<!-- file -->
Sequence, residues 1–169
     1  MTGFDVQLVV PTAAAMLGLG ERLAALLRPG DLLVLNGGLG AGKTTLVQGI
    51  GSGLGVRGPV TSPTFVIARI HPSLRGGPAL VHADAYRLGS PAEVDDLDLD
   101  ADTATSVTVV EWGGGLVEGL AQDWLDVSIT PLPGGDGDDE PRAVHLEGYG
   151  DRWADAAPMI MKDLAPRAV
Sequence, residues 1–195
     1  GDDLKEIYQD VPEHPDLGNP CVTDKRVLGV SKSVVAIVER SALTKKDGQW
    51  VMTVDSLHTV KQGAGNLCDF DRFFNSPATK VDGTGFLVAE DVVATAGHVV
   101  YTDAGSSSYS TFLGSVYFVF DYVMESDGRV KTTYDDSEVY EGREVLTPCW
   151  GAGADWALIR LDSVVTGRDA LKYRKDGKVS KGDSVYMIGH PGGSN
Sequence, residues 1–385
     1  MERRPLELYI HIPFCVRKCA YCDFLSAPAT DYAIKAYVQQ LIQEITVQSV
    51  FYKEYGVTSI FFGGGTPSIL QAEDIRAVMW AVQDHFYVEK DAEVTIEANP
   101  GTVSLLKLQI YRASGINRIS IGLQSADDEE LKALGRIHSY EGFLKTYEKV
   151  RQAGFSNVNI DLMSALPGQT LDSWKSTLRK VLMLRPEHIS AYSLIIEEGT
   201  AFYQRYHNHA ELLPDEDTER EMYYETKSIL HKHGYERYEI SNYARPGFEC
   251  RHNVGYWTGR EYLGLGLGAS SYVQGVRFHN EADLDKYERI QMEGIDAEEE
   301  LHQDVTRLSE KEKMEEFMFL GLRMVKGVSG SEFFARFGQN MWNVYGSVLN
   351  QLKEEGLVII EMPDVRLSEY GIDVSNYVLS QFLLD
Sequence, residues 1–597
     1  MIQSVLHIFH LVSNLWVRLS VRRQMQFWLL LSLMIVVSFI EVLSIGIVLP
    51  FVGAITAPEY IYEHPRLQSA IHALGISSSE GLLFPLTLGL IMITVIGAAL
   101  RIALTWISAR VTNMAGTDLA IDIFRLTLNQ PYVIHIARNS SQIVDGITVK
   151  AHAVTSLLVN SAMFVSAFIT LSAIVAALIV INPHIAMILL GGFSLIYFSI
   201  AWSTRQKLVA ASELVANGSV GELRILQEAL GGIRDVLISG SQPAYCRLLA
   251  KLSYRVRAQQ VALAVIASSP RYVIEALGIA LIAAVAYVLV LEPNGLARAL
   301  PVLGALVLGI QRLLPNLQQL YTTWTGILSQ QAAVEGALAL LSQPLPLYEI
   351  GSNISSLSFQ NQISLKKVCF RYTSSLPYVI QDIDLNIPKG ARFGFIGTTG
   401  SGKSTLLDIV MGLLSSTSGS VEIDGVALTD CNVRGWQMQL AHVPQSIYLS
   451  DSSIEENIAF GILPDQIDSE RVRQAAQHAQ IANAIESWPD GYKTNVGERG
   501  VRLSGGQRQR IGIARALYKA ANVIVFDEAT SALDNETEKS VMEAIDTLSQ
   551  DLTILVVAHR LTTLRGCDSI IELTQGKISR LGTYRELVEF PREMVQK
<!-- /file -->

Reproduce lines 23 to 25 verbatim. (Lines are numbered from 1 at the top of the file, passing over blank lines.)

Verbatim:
   101  RIALTWISAR VTNMAGTDLA IDIFRLTLNQ PYVIHIARNS SQIVDGITVK
   151  AHAVTSLLVN SAMFVSAFIT LSAIVAALIV INPHIAMILL GGFSLIYFSI
   201  AWSTRQKLVA ASELVANGSV GELRILQEAL GGIRDVLISG SQPAYCRLLA